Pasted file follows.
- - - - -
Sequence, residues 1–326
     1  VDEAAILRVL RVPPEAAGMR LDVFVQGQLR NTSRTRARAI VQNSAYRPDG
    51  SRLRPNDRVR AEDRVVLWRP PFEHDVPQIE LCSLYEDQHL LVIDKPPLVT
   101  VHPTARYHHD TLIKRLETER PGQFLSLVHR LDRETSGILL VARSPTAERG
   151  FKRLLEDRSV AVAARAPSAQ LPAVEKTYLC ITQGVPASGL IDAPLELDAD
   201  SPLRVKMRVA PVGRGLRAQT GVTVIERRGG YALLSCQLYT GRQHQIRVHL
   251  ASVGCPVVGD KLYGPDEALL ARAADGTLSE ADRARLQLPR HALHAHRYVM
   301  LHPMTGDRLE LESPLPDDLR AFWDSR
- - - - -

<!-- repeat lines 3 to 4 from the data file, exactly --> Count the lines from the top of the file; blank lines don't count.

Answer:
    51  SRLRPNDRVR AEDRVVLWRP PFEHDVPQIE LCSLYEDQHL LVIDKPPLVT
   101  VHPTARYHHD TLIKRLETER PGQFLSLVHR LDRETSGILL VARSPTAERG